The Chair of “Belarusian Association of Journalists” (BAJ) Andrej Bastuniec was included on the Supervisory Council, formed by the CEC and Information Ministry, to monitor the compliance of pre-election campaigning to mass media rules.
International Organisations Launch Observation Missions
On August 2, the OSCE Office for Democratic Institutions and Human Rights (OSCE/ODIHR) officially opened an election observation mission for the Belarus’ 2016 parliamentary elections. The OSCE/ODIHR mission, headed by Tana de Zulueta, plans to deploy ten core experts, 38 long-term observers and 400 short-term observers from 24 countries.
The same day, the mission leadership held a press conference in Minsk and discussed the ongoing parliamentary campaign during a meeting with the Belarusian Deputy Foreign Minister Aliena Kupčyna and CEC Chair Jarmošyna. Additionally, there are reports that OSCE/ODIHR leadership met with “Belaya Rus’” representatives and human rights observers, and in an interview to BelaPAN they disclosed that they planned to meet court representatives to observe the process of hearing complaints. Long-term observers started their work on August 11.
On August 8-9, the observation mission of the Parliamentary Assembly of the Council of Europe (PACE) led by Gisela Wurm conducted a pre-electoral visit to Belarus to “assess the election campaign and political climate.” During the visit, the PACE held meetings with representatives of the Belarusian political opposition, experts, civic activists, the CEC, and “Belteleradiocompany” leadership. After the visit to Minsk, PACE concluded that Belarus’ recent amendments to their electoral legislation “fail to address some of the key recommendations of international organisations, including those of the Council of Europe Venice Commission.”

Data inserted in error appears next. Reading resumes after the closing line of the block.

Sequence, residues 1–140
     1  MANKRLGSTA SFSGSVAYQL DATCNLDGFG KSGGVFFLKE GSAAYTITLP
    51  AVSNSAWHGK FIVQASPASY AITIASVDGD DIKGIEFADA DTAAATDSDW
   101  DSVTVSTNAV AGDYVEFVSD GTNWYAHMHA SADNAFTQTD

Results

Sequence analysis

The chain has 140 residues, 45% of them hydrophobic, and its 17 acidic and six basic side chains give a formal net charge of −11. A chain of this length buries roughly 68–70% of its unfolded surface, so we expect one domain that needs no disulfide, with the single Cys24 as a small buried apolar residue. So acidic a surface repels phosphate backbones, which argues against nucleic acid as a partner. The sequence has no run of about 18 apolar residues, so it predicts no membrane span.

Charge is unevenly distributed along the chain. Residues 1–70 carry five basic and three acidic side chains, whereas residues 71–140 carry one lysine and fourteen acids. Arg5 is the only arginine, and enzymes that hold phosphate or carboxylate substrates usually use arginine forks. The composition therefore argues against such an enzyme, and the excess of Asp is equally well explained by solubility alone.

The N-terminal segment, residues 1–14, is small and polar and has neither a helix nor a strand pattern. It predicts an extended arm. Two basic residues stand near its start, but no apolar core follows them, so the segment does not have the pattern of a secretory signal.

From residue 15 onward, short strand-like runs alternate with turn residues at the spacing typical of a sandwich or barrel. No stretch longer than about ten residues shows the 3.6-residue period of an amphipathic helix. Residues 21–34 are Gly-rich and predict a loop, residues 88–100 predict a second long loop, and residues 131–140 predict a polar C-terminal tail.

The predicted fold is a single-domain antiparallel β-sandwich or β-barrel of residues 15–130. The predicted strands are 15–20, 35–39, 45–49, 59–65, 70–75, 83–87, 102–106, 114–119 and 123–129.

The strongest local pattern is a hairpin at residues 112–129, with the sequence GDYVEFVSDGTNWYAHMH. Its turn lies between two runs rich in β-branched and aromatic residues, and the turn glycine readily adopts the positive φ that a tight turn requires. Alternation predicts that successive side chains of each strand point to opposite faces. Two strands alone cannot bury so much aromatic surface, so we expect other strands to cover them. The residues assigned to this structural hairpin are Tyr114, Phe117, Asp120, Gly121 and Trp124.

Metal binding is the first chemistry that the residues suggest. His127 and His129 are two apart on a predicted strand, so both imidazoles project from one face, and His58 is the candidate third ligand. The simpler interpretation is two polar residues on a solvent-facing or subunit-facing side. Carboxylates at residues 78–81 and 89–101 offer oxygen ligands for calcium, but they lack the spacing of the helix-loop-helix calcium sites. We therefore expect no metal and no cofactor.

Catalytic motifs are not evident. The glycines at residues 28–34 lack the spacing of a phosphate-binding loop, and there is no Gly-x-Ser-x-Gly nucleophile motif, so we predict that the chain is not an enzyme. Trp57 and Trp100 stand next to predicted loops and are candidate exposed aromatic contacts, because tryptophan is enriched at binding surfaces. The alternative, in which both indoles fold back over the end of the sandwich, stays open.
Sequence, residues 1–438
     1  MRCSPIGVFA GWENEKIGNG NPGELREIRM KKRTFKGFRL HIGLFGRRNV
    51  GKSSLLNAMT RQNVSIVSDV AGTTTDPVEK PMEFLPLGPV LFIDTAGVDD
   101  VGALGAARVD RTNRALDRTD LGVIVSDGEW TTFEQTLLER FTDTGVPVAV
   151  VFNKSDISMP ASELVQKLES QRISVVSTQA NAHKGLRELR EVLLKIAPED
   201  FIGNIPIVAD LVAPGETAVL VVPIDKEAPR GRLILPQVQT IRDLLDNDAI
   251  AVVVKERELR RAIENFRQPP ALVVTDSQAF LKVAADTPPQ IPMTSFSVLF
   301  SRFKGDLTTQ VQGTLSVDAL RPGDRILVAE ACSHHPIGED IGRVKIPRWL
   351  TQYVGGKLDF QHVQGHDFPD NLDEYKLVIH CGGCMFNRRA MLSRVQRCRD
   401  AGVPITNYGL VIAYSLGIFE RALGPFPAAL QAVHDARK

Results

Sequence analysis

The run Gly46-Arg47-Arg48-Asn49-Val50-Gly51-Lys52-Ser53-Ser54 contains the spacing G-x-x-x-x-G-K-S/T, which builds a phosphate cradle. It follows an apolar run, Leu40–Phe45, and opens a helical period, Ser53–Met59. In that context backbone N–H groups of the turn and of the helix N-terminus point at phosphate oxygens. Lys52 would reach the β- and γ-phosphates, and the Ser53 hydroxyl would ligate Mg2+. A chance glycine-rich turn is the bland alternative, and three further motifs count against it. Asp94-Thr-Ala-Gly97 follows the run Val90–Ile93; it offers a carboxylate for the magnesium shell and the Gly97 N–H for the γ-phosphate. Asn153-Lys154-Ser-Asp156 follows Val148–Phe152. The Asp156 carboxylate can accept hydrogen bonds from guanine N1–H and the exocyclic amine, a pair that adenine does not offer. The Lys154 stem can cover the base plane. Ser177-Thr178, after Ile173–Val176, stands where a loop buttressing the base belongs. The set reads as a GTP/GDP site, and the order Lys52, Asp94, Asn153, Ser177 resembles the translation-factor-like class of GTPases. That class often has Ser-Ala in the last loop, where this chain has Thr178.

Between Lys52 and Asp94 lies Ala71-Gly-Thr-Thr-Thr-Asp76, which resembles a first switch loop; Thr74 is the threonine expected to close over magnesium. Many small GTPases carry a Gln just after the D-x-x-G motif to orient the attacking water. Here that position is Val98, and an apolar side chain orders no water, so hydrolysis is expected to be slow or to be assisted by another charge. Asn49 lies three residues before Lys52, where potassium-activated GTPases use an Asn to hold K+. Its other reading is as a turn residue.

The media reported that in connection to parliamentary elections, the Deputy Chair of the OSCE Parliamentary Assembly (OSCE PA) Kent Harstedt is on official visit to Belarus on August 14-16. He is expected to meet with Belarusian officials as well as participants of the election campaign. On the first day of his visit, Harstedt held a meeting with opposition politicians to discuss the ongoing campaign. He also gave an interview to TUT.BY, stressing the importance of these elections in terms of the “image of Belarus in the eyes of OSCE.”
The Commonwealth of Independent States (CIS) observation mission reported “candidates enjoyed equal conditions” thus far. In addition, the head of CIS mission Sergey Lebedev suggested Western observers develop a “common election assessment approach.” As of August 10, CIS observers constituted 243 out of 303 accredited international observers. Fifty-one accredited observers are from OSCE/ODIHR, two from OSCE PA, and seven from PACE.